the wrapped joints on my bamboo shirogisu (whiting) rod. 

The first ground layer on the wrapped silk thread.  The lacquer is thinned slightly so it is taken up by the silk and the bamboo underneath, to form a solid bond between the two.

The second layer is ‘raw’ or crude urushi lacquer; I use a Japanese lacquer that comes as raw as you can get, tapped straight from Lac trees, unfiltered and globular and reeking.  It wants a little treatment before it can be used for lacquering fishing rods, and takes twice as long as other lacquer varieties to harden; it is also the stuff I treat with the greatest respect and/or fear, as it contains the highest amount of super-allergenic urushiol and I do not want a repeat of my experience last year.  By virtue of its high concentration it also polymerises into the hardest and toughest coating, and for this reason, rather than aesthetic, it is used at this stage.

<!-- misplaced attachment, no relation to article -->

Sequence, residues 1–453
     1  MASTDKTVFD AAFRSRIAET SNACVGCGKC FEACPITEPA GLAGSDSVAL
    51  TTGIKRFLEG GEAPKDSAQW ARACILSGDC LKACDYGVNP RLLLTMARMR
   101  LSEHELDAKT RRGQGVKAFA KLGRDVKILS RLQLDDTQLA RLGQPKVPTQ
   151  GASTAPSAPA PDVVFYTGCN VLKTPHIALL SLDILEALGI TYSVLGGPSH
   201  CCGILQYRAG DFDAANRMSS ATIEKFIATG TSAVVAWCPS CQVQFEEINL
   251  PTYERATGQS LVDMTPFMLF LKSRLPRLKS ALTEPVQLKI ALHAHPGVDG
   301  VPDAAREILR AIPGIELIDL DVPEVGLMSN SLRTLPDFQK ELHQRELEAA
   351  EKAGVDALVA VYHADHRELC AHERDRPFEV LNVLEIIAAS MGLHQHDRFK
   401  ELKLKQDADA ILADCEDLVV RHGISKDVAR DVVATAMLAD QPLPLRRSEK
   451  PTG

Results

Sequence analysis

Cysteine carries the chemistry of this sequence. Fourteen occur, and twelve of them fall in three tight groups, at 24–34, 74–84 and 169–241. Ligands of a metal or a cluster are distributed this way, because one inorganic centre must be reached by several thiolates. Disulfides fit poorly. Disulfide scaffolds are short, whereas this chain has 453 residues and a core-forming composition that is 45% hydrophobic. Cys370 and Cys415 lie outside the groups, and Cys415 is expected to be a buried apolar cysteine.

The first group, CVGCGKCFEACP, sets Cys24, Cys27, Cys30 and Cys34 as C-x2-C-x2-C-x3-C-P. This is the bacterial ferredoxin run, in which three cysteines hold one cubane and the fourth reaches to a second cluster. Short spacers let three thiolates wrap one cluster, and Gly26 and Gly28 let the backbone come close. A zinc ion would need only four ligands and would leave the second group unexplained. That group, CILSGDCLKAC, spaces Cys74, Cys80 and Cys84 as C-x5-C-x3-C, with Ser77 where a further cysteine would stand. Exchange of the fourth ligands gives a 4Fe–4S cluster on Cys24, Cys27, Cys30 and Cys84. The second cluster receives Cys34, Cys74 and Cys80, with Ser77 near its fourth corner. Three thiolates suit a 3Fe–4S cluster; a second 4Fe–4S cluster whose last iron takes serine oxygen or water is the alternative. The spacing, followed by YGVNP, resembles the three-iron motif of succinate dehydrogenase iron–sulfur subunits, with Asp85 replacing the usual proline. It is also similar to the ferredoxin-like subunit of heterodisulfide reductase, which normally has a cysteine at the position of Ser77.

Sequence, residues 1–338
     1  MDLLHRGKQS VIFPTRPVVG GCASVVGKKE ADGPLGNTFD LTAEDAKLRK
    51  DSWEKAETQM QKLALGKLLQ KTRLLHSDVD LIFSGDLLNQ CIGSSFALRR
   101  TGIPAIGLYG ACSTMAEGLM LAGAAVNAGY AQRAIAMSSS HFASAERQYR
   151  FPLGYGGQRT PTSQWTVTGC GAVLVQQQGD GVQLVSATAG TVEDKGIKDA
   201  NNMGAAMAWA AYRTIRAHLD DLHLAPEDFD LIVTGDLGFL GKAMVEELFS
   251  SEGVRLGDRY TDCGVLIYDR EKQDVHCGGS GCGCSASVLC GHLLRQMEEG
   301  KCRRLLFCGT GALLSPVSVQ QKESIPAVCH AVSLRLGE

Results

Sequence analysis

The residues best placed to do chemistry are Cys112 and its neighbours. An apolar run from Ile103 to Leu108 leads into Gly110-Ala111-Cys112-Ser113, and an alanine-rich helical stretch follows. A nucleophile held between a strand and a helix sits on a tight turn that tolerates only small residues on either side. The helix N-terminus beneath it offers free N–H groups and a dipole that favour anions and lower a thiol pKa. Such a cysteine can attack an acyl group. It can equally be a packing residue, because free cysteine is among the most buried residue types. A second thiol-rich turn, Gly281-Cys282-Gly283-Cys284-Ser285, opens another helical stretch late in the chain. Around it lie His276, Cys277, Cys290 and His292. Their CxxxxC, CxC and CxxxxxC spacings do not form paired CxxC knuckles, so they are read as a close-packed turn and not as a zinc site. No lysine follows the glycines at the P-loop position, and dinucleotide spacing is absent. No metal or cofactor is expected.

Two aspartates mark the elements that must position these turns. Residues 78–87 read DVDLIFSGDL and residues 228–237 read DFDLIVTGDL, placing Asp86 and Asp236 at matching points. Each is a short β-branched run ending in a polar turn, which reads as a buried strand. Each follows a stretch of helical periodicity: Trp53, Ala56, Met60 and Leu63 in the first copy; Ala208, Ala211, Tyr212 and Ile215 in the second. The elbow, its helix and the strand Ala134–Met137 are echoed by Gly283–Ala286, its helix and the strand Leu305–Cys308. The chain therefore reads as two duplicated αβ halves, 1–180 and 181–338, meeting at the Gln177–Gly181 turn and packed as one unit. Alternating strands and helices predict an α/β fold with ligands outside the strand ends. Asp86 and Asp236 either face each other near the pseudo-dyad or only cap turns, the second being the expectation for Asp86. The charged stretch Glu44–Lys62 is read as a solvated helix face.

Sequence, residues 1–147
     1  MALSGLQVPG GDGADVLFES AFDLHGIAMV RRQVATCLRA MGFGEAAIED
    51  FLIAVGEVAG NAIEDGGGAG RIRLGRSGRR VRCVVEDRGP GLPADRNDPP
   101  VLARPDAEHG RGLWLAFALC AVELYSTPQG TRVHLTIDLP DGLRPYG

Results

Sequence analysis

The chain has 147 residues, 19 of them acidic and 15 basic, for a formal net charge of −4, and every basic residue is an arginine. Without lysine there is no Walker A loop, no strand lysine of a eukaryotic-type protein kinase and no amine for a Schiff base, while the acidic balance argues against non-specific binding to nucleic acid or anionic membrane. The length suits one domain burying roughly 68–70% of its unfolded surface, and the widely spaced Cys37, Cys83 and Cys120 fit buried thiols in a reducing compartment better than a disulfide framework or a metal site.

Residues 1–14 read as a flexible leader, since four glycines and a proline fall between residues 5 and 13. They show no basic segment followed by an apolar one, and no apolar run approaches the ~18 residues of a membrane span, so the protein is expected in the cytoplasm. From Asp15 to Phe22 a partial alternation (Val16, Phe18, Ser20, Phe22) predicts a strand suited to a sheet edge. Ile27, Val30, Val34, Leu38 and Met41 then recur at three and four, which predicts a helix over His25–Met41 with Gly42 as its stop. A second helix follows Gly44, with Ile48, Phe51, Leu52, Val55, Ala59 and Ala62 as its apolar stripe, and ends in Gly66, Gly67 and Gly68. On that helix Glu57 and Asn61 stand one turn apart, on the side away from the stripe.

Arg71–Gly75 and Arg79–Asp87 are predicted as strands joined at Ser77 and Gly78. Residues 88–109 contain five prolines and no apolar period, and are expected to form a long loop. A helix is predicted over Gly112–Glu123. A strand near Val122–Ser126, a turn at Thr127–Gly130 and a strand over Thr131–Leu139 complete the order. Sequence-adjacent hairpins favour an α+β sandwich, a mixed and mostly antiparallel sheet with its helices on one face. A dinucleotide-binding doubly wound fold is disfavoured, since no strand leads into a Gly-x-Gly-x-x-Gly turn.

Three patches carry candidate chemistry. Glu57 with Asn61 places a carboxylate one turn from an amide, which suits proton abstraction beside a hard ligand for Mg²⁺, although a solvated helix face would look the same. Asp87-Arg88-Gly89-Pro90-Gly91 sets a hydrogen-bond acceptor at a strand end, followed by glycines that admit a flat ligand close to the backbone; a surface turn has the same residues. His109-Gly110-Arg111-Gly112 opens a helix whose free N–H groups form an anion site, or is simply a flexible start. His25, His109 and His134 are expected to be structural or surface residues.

The next step is to lacquer the joints with a black, processed lacquer.  The surface is then sanded down to as flat a surface as possible.  In this photo you can still see the vestiges of the silk thread after the first sanding:

After sanding the same lacquer is applied and left to harden, after which it is sanded down again.  This process is repeated until the threads of the silk wrapping become indistinct and the joints take on a nice, even, glossy sheen.  For me this takes about four coats of lacquer:

The next step is to fine-adjust the fit of the tip and I am ready to start lacquering the main ‘body’ of the rod.


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